I am teaching Pre-Cal at a community college. In all Pre-Cal textbooks, we have this definition of cross product of two vectors:

If $\textbf{u} = \langle a_1, a_2, a_3 \rangle$ and $\textbf{v} = \langle b_1, b_2, b_3 \rangle$ are two 3-dimensional vectors, then the cross product of the two is the vector: $$\textbf{u} \times \textbf{v} = \langle a_2b_3-a_3b_2, a_3b_1-a_1b_3, a_1b_2-a_2b_1 \rangle.$$

But so far I haven't seen any textbooks that suggest using this definition to solve a cross product problems, instead they invariably suggest using the determinant of matrix of order two.

And here is my question: Is this simply because the determinant method is easier to remember, or is this because there is some other deeper reason? I am posting this question because one of my students use this definition when solving a problem on test.

Thank you for your time and effort.

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    $\begingroup$ It is easier to remember the determinant method. I just realised that you were the teacher. Why do you want to use the formula method? was this the way you were taught? $\endgroup$ – Chinny84 Nov 19 '15 at 15:16
  • $\begingroup$ The determinant $\begin{vmatrix} i & j & k \\ a_1 & a_2 & a_3 \\ b_1 & b_2 & b_3\end{vmatrix}$ isn't even a genuine determinant (how can you define the determinant of a matrix with some vector entries and some scalar entries?). It is only ever meant as a way to remember the actual formula which you've given in your question. (Even though I have the cross product components memorized at this point) I personally would rather just remember the algebraic rules (like anticommutativity) of the cross product and derive that formula whenever needed. $\endgroup$ – user137731 Nov 19 '15 at 15:21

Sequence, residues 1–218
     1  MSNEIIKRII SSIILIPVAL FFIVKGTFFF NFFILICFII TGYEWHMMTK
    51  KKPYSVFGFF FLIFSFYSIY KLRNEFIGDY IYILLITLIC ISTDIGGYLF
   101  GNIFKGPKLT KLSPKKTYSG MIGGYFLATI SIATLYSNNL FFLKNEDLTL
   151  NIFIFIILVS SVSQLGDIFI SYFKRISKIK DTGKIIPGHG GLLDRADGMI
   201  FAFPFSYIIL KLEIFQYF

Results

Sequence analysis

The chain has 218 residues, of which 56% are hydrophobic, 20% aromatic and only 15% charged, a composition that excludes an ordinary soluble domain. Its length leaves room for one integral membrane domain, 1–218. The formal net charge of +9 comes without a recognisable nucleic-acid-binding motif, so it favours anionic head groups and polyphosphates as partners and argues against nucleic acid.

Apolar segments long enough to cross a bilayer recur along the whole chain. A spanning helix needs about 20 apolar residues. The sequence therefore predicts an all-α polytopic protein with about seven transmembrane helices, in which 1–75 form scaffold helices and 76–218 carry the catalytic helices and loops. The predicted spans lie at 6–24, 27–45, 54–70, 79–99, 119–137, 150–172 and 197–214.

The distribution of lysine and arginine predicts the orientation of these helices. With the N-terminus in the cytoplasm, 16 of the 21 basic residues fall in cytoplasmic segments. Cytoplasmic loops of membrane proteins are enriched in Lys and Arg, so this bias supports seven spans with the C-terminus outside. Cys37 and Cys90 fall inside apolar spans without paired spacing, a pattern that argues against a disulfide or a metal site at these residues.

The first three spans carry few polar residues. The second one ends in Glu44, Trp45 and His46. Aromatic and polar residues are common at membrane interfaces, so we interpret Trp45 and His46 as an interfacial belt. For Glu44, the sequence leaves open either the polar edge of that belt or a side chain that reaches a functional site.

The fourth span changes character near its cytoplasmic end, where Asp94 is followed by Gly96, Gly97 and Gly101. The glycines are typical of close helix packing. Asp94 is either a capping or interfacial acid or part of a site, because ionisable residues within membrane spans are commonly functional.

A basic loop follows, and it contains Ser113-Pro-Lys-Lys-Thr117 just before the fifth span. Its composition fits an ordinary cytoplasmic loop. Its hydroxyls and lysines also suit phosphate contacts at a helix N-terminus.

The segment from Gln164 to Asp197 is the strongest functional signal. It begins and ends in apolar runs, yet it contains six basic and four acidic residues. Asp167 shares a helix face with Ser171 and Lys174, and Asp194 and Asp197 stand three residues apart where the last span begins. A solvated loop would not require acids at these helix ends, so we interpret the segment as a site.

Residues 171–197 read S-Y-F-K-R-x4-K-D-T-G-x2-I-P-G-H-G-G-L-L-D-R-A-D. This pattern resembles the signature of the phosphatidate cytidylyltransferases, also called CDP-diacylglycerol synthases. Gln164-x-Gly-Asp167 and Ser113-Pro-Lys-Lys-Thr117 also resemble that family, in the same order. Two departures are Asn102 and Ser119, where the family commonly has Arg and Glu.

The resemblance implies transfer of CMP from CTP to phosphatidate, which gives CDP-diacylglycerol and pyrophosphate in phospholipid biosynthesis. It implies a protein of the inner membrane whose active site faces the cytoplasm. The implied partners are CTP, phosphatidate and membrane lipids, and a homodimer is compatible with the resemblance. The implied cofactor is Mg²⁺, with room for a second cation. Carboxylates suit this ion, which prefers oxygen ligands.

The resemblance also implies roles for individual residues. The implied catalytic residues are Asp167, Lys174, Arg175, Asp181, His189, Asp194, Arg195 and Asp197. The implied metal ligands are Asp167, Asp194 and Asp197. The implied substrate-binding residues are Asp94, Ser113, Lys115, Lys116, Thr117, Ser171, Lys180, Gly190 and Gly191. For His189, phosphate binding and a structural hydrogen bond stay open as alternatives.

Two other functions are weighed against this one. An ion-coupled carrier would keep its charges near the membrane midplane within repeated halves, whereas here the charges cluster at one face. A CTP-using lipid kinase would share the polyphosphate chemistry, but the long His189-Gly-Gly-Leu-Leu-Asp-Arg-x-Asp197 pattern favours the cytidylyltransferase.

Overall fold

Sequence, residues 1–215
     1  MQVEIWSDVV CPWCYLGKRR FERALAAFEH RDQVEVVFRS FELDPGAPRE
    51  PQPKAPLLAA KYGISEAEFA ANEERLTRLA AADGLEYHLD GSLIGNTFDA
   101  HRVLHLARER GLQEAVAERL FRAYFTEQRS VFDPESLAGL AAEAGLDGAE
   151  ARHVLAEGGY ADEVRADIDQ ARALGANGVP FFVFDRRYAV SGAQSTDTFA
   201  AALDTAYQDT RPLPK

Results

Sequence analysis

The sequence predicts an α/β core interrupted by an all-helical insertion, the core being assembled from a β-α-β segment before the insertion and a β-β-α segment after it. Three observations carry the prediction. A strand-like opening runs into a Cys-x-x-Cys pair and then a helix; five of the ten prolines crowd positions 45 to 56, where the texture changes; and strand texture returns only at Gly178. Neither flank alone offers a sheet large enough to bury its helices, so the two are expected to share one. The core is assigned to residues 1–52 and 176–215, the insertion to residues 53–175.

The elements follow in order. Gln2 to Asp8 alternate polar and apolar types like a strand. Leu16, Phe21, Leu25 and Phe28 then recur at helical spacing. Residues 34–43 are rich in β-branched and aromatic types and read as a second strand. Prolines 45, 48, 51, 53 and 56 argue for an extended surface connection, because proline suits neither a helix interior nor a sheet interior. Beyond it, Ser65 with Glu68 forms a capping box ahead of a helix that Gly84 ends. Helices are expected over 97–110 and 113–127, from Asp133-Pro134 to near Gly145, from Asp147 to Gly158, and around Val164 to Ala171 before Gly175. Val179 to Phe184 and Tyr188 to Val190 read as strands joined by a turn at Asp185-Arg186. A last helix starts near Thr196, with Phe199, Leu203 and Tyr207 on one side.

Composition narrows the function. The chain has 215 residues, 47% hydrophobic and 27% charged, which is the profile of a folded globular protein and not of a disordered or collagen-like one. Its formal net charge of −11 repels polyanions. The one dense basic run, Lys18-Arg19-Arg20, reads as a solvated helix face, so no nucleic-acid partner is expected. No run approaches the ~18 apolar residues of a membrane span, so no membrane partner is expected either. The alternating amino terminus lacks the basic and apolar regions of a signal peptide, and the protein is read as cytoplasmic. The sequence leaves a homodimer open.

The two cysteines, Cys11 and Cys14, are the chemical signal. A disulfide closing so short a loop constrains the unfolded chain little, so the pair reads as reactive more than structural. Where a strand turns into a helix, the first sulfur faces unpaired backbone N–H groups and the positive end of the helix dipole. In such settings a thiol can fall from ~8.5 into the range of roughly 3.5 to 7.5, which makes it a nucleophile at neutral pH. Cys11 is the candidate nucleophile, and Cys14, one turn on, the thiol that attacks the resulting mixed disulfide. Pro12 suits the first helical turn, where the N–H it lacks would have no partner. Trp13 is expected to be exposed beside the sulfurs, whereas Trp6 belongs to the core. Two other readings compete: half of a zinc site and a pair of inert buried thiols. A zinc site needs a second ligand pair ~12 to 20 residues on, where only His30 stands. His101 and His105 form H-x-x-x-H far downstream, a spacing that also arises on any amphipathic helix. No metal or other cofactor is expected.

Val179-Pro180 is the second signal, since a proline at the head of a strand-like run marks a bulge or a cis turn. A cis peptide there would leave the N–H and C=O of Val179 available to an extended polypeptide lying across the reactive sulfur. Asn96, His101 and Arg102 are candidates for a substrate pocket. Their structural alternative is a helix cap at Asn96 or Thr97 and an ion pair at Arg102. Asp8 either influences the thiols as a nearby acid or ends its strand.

• $\begingroup$ There are actually a few ways to attach meaning to the determinant formula as discussed here $\endgroup$ – rVitale Nov 19 '15 at 15:25
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    $\begingroup$ Ha! I love mathematicians. Every time someone comes up with a simple notation that's just supposed to reduce clutter you guys have to come along and go "but could we attach a rigorous meaning to it?". ;) $\endgroup$ – user137731 Nov 19 '15 at 15:30
  • $\begingroup$ @Bye_World Whilst I agree with your statement, being an ex-physicist myself and all, I think the OP was looking for a deeper meaning! My "simple" mind can not compute this and only approximate at best :). $\endgroup$ – Chinny84 Nov 19 '15 at 15:38

Just a comment on this:

In school it took me so long to get that formula into my brain. Then I was shown that you can combine this definition of the cross product with a very illustrative scheme. From this scheme also the name cross product makes sense, I'm sure everyone will remember this easily. Just write down your vectors $a=[a_1,a_2,a_3]$ and $b=[b_1,b_2,b_3]$ twice and do as follows:Scheme for the cross product


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